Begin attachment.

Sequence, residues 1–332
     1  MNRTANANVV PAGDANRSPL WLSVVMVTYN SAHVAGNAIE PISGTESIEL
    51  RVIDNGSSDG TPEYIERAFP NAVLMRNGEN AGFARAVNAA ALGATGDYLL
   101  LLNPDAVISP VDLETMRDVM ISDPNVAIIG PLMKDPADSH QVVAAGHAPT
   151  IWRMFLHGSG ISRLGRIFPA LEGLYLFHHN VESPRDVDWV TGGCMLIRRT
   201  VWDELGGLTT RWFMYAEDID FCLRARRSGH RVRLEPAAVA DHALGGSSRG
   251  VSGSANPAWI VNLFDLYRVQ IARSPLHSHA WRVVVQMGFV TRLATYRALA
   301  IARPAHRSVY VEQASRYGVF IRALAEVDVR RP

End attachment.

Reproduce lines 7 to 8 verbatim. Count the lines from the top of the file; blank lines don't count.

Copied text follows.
   251  VSGSANPAWI VNLFDLYRVQ IARSPLHSHA WRVVVQMGFV TRLATYRALA
   301  IARPAHRSVY VEQASRYGVF IRALAEVDVR RP